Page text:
Even though we know that wearing sunscreen every day (yes, even when it鈥檚 cloudy, or when we鈥檙e inside) is crucial for our skin鈥檚 health, we鈥檙e into anything that makes it more fun to wear. Enter glitter sunscreen, the Kirakira worthy product taking over your Insta feeds this spring. It looks amazing and is obviously more fun than the chalky white lotions we鈥檙e used to, but is it actually safe?

We talked to two dermatologists to get the sparkly scoop on these trendy new products, and although both agreed that glitter sunscreen is safe, there is some confusion about the effect of glitter on the skin.

Dr. Lisa Garner, a Texas-based dermatologist, told us, 鈥淭he glitter should not affect the efficacy of the sunscreen itself. The efficacy is determined by its SPF (sun protection factor, which tells how well a sunscreen will protect against the sun鈥檚 UVB rays), UVA coverage (broad spectrum) and water resistance.鈥

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Dr. Joshua Zeichner, a New York-based dermatologist agrees, adding, 鈥淎ny product labeled with an SPF value has to have gone through testing that is compliant with FDA standards for sunscreen. Sunscreens are considered over the counter drugs and as such are regulated here in the United States.鈥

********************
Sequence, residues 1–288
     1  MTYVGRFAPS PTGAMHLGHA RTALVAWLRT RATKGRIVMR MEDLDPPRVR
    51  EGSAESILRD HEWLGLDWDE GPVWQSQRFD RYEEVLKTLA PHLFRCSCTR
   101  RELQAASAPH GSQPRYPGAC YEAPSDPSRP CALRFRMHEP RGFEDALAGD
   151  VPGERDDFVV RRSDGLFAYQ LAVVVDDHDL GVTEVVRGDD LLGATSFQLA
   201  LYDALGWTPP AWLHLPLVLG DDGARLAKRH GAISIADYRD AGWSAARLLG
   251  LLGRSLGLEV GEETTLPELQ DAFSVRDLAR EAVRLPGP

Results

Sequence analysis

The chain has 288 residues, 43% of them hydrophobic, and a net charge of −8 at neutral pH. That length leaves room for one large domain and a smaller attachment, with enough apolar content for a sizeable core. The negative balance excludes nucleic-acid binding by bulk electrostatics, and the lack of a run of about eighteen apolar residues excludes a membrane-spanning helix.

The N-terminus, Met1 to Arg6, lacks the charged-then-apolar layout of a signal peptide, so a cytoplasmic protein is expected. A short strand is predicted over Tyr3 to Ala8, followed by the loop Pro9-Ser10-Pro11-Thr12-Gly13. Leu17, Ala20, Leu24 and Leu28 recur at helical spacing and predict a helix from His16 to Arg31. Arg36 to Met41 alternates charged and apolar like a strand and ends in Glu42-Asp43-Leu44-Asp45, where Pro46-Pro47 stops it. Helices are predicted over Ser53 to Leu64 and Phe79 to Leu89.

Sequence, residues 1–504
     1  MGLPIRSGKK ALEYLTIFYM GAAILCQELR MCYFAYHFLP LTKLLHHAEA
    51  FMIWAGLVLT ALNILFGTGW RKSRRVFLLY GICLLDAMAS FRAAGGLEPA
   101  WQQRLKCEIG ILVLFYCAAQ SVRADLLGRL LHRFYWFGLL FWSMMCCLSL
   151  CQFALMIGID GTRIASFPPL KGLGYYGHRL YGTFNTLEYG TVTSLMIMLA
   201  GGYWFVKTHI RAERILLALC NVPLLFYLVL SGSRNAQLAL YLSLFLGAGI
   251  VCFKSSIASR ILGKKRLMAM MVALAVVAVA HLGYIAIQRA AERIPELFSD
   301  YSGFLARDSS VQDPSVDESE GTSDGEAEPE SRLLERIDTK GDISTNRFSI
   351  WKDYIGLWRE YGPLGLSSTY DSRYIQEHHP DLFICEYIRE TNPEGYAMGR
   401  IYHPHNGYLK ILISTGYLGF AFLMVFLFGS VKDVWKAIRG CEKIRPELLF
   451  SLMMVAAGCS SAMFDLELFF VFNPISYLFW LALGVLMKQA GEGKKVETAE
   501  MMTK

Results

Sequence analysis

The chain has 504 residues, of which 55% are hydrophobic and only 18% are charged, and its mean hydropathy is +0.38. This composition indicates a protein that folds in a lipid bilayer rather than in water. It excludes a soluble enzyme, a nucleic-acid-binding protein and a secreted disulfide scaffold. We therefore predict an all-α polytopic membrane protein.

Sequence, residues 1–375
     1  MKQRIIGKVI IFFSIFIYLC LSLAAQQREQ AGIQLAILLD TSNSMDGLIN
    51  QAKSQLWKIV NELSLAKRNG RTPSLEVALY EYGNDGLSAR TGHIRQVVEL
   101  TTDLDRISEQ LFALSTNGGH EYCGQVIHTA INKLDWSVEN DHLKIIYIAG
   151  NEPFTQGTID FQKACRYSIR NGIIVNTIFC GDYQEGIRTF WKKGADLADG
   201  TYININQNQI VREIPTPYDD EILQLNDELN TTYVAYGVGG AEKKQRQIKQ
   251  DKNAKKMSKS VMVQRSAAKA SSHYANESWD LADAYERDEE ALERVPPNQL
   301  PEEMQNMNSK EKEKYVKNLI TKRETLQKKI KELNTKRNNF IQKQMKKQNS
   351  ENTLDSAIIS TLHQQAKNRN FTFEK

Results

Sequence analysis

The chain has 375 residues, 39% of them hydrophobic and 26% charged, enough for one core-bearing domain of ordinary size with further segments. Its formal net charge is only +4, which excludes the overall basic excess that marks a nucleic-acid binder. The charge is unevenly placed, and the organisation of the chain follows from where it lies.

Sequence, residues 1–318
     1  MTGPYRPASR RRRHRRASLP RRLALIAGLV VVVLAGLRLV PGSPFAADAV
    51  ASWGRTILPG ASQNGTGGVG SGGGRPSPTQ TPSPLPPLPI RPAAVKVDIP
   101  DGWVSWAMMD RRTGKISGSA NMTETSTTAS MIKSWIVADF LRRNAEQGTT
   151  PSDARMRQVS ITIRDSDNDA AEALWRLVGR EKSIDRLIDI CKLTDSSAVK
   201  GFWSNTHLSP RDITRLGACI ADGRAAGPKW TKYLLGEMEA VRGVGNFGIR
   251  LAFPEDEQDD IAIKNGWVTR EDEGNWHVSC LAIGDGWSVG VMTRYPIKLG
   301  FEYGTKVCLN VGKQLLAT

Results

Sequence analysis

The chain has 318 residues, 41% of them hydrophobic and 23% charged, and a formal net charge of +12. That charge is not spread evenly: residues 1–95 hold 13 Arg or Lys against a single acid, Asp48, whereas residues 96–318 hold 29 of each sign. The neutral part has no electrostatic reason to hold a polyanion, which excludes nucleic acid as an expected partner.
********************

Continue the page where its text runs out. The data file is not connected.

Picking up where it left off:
But glitter, by its very nature, consists of light-reflecting particles, so wouldn鈥檛 your skin absorb more of the sun鈥檚 harmful rays if it鈥檚 covered in glitter? The experts differed, with Garner saying, 鈥淕litter reflects light but does not actually attract it.鈥

According to Zeichner, 鈥淚t is unclear what the effect of glitter actually has on the sunscreen. It likely reflects light, but we don鈥檛 know whether the glitter reflects light away from the skin or perhaps traps it in the skin.鈥

鈥淭o be safe,鈥 he adds, 鈥淚 recommend applying a broad spectrum, high SPF sunscreen as your base layer then apply this product on top of it just as you would use makeup with sunscreen.鈥 Noted. Instead of using trendy takes on SPF as your sole sun protection, glitter sunscreen should be added on top of your base layer of standard sunscreen.

Garner agrees, adding, 鈥淪unscreen needs to be reapplied [at least] every 1.5 hours in the sun or water so there might be an issue with 鈥榯oo much鈥 glitter with multiple reapplications that could potentially deter proper use.鈥 For example, skin irritation or water or sweat getting the product into your eyes.

It seems with proper, consistent use, you can shine bright like a diamond all summer long鈥 as long as you reapply and cover all areas of exposed skin. And, as with any product, if you experience stinging, itching, burning, or any irritation, you should discontinue use immediately. Otherwise, get your glow on.

(Feature Image via Getty)

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